And according to Gordon, this wasn’t enough. “You can kill yourself in the gym, but what are you doing the other 23 hours of the day?” he said. “It starts with nutrition.”
My diet didn’t seem awful, for the most part. (“Frosted Mini-Wheats?” Gordon intoned one day glancing at my food sheet. “I didn’t wake up in my apartment,” I replied sheepishly. “You do what you have to do,” he said.) I checked in with nutritionist Ashley Koff, R.D., who works with Molly Sims and Emily Deschanel; she instructed me to cut out flour, sugar, alcohol, and evening carbs and add green juice every day—effective immediately.
“You want to underdeliver slightly,” Koff explained. “When we don’t give the body anything, it thinks it’s starving, and it holds on to stuff. But if you’re just a little hungry, it pulls away fat.” In the days leading up to an ab-revealing event, Koff tells her clients to eat purees, which, she says, prevents bloating and constipation. “I do a green soup with a little bit of sardine puree,” she offered. Since I was barely surviving Gordon’s workouts on solid food, I gave that idea a pass.
Instead, I decided to lie on a table and let someone else do the work—that someone being New York–based body-sculpting expert Camille Obadia, who specializes in electrotherapy and radiofrequency treatments. She began by placing electrodes all over my abs and back. When the voltage was turned up, my midsection began to pulse so vigorously, it looked like an exorcism. “Thirty minutes is equivalent to four hours of exercise,” Obadia said. Next, she used an instrument that looked like an oversize hand shower to heat my abs to 104 degrees (a temperature that reportedly encourages collagen production, thus smoothing skin) and then to between 107.6 and 111.2 (at which point fat supposedly emulsifies). If that didn’t flatten my stomach, nothing would—it felt like someone was ironing my skin. After a plant-extract wrap and lymphatic-drainage massage, I was out the door with the promise of losing a whopping centimeter from my middle. Perhaps it was psychosomatic, but I did feel a bit tighter the next morning, and my abs felt, well, fatigued.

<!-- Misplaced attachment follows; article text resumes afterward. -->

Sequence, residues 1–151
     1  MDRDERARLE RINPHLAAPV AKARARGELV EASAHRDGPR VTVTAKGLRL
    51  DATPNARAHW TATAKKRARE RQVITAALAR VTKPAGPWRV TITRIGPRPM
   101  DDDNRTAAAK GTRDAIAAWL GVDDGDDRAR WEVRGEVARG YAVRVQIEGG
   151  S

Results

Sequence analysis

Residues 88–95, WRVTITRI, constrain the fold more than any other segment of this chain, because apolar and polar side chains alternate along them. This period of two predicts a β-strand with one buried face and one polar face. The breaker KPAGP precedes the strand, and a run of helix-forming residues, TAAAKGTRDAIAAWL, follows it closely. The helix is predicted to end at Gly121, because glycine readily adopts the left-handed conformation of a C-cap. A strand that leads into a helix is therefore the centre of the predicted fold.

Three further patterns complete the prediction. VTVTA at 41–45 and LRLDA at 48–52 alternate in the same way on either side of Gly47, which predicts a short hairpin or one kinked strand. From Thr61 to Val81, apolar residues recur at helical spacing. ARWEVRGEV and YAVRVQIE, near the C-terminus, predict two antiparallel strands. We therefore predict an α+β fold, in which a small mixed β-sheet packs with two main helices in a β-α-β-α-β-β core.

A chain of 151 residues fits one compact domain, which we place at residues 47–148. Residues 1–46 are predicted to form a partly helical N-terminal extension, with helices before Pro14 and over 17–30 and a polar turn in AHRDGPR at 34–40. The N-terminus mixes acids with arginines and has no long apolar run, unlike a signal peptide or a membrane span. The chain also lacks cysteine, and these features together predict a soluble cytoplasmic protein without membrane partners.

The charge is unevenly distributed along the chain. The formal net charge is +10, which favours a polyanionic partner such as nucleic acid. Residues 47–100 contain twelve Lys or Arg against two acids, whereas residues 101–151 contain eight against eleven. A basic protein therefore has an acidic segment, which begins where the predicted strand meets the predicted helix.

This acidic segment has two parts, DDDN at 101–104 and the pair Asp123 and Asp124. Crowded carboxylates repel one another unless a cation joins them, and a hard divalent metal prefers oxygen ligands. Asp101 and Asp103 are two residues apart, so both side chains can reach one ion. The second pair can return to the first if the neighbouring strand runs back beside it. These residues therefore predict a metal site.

But sadly, so did my soul. As D-day approached, I became increasingly glum. I spent Super Bowl Sunday gazing longingly at chips and dip while nibbling sliced turkey and sipping straight Scotch (a necessary deviation to avoid clinical depression). I was so exhausted from my workouts that I canceled dinners and drinks and even bailed on birthday parties, falling into bed at 9 p.m. like a friendless narcoleptic. This had to end.
Fortunately, after 15 sessions, Gordon was pleased with the results. “Most people wouldn’t see these changes,” he said, chalking up my quick progress to the fact that I was already fit to begin with. And I could definitely see a difference: My posture was better, I had definition across my ribs, and my waist curved in where before it had been straight.
On the night of the party, I donned my cropped Kors sweater and walked, bare-bellied in 30-degree weather, to the Marni fragrance launch party feeling confident. And a bit subversive. Unlike a short hemline or a deep neckline, a midriff is unexpected. More sly than blatantly sexy. And, apparently, eye-catching.
“Hi,” said one friend to my stomach.
“It’s nice to see you,” said another, staring several feet below my face. This, I assumed, must be what it feels like to have an amazing rack.
And I’ll admit, it did feel nice. But not as nice as a glass of wine. Or a bowl of pasta. Or a night with friends. Unless you are 16 years old or genetically gifted, maintaining great abs is a full-time job—one I was happy to quit. As one of my favorite Core Fusion instructors, Rebecca Sherman Morcelo, told me when I embarked on my mission, “I have friends with great abs— and no life.” For now, at least, I choose life.